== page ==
Medicare

Opinion: Trump’s Drug Pricing Plan Is Practical, but Is It Enough?
Administration’s blueprint aims to force drug companies to be more transparent

Opponents call President Donald Trump’s plan a win for pharmaceutical companies because it doesn’t ask Medicare to negotiate prices for Part B and D drugs, Wilensky writes. (Joe Raedle/Getty Images file photo)

A husband visits a local pharmacy to fill his ailing wife’s monthly asthma prescription, which costs $110. What he doesn’t know — and what his pharmacist can’t tell him — is that her Part D insurance plan isn’t helping to reduce the cost. In fact, it’s only hurting. They could have saved $35 by paying out-of-pocket.

That’s the kind of problem President Donald Trump aims to solve with his new drug price plan. The blueprint he released earlier this month is practical, focused squarely on executive actions that will force drug companies toward greater transparency. But will the White House’s pragmatism be enough?

Opinion: Rethinking Social Security Numbers in the Modern Age
Traditional safeguards are no longer enough

Americans are at greater risk when it comes to having their Social Security number stolen — and traditional safeguards are not enough, writes Rep. Sam Johnson, R-Texas.  (iStock)

Did you know that last fall at least 145.5 million Americans’ Social Security numbers were stolen in a data breach at Equifax? Worse, this was just one in a series of recent breaches — don’t forget Anthem and the Office of Personnel Management, just to name others.

In this technological age, folks are at greater risk when it comes to having their Social Security number stolen — even if they do everything right. That’s because keeping your number a secret, leaving your Social Security card in a safe, and shredding all documents containing your number are now antiquated efforts for stopping the modern hacker.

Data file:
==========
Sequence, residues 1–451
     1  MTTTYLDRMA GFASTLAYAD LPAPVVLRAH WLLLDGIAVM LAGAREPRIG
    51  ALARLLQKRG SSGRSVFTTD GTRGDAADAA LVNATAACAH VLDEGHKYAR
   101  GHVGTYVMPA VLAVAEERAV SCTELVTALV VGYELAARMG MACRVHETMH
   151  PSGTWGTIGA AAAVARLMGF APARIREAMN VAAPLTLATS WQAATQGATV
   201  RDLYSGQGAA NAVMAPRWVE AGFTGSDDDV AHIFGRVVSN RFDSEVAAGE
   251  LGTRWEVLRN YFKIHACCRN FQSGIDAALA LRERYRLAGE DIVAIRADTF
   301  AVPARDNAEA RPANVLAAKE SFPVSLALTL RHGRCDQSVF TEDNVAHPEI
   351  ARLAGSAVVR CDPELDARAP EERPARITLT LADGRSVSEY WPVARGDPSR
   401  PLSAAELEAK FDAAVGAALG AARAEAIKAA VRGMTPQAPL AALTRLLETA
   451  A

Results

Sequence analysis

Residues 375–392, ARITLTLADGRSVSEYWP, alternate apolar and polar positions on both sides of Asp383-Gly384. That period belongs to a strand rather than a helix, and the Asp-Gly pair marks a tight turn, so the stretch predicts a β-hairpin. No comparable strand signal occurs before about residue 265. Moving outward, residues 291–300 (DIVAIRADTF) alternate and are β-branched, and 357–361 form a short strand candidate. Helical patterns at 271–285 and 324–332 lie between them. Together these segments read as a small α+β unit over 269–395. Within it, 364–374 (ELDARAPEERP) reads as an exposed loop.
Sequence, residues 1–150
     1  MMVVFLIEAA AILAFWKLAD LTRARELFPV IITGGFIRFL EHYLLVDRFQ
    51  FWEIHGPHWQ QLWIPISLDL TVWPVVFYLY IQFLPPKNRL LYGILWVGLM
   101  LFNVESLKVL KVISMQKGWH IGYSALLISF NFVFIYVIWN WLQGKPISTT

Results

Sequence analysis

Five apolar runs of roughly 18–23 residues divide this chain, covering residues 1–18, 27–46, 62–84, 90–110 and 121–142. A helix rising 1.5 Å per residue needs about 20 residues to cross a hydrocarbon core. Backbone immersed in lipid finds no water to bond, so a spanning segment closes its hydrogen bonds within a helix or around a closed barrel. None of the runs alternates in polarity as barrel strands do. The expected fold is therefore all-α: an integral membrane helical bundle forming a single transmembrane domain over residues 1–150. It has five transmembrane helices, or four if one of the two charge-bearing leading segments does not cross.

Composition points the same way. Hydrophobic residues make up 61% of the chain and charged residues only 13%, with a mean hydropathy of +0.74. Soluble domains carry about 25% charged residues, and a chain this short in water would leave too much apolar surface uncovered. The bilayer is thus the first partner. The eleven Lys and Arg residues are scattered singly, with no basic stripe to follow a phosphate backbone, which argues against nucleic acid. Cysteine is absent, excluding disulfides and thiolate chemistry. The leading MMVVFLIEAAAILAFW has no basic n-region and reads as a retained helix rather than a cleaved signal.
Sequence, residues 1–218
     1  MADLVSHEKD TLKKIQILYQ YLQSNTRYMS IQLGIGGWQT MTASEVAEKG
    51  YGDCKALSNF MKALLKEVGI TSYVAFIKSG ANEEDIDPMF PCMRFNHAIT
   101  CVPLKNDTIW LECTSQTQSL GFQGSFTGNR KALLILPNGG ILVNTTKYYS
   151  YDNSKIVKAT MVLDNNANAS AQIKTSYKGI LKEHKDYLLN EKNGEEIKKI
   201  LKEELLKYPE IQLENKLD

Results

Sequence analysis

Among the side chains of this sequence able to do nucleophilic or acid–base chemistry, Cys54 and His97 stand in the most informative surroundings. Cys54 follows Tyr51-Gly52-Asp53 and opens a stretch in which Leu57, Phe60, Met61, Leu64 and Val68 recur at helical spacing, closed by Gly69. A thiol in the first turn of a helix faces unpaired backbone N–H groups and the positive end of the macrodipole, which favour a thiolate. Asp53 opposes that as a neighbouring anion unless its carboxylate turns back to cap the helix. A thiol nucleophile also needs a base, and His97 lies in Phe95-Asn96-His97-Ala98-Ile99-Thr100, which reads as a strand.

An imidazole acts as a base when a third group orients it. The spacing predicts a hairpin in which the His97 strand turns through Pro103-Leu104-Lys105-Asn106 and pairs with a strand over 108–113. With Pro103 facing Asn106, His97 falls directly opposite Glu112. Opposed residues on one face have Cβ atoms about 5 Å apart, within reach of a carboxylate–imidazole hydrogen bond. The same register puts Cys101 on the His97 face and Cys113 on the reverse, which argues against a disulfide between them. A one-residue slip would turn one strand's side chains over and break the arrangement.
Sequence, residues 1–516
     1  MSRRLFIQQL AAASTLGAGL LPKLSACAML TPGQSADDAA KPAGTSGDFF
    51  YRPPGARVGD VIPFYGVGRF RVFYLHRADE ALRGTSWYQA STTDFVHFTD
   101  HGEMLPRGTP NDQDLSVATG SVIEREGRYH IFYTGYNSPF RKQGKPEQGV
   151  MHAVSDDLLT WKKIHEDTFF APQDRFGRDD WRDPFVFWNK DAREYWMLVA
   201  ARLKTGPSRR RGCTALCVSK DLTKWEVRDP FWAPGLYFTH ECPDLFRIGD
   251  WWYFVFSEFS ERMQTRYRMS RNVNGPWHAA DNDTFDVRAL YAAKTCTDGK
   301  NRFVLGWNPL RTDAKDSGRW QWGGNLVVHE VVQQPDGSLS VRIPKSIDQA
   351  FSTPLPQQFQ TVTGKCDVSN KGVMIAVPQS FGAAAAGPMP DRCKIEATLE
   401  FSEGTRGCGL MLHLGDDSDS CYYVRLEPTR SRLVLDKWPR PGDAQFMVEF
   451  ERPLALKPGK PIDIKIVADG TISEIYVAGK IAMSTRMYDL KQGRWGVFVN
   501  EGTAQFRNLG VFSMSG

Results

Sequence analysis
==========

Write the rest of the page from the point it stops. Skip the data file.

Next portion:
4 Things to Watch During Tuesday’s Primary Elections
Pennsylvania, Nebraska, Idaho and Oregon will be hosting primaries

Voters head to the polls for primary elections in four states. (Bill Clark/CQ Roll Call file photo)

Four states will host primary elections Tuesday, setting up matchups for several key races this fall. 

Pennsylvania, Idaho and Nebraska all have House primaries to watch. And the Keystone State’s new congressional lines will be tested for the first time. The state’s Supreme Court tossed out the old map earlier this year, deeming it an unconstitutional partisan gerrymander. 

Health Officials Hit Back at Critics of Trump’s Drug Price Plan
As Democrats say the president’s plan is weak, Azar calls it a ”fundamental potential restructuring” of the American economy

Department of Health and Human Services Secretary Alex Azar, shown here at the White House last week, defended the president’s drug plan on Monday. (Sarah Silbiger/CQ Roll Call)

Top administration health officials on Monday defended President Donald Trump’s plan to address high prescription drug prices, which has drawn criticism from both the industry and those who see it as a capitulation to drug companies.

In a speech Monday in the foyer of the Health and Human Services Department, Secretary Alex Azar, a former pharmaceutical company executive, took direct aim at the industry. He said drug companies were offering the American people a false choice between the development of life-saving innovations and affordability.

Questions Surround ‘America First’ Plan on Overseas Drug Prices
Trump calls overseas costs unfair compared to U.S.

President Donald Trump speaks to supporters at a campaign rally on May 10 in Elkhart, Indiana. The crowd filled the 7,500-person-capacity gymnasium. (Scott Olson/Getty Images)

President Donald Trump took aim at “global freeloading” in his Friday speech on drug prices, putting an “America First” angle on a complicated policy issue. Although Trump’s rhetoric in the speech was fairly tough on the pharmaceutical industry, this issue was one area where Trump was borrowing a page from the Big Pharma playbook.